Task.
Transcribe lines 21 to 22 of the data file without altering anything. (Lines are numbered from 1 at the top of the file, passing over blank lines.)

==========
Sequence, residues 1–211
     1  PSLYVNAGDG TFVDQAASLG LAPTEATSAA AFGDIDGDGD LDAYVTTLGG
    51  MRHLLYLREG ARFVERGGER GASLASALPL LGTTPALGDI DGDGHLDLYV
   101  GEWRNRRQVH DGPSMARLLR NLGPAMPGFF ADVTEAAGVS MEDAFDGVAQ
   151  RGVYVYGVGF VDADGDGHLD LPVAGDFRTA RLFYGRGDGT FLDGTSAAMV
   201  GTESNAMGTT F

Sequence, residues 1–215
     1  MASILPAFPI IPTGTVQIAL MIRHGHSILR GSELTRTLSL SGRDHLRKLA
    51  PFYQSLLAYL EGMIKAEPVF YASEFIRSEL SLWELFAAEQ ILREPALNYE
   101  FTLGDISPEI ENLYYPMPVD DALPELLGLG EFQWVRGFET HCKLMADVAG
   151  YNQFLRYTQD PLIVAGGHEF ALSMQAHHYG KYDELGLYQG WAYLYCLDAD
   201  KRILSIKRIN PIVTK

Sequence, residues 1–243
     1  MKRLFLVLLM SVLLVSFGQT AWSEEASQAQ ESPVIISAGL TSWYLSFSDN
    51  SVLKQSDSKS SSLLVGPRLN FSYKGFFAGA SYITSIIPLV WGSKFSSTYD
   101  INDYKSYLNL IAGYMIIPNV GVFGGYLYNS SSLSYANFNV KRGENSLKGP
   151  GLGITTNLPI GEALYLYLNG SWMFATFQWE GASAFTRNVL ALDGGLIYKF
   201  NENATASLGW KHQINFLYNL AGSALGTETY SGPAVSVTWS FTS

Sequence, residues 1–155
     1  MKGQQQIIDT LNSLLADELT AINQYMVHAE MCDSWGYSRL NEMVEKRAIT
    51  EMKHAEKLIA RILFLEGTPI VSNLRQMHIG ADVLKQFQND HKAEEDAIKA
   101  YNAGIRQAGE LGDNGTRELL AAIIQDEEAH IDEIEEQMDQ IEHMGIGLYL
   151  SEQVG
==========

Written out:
    51  EMKHAEKLIA RILFLEGTPI VSNLRQMHIG ADVLKQFQND HKAEEDAIKA
   101  YNAGIRQAGE LGDNGTRELL AAIIQDEEAH IDEIEEQMDQ IEHMGIGLYL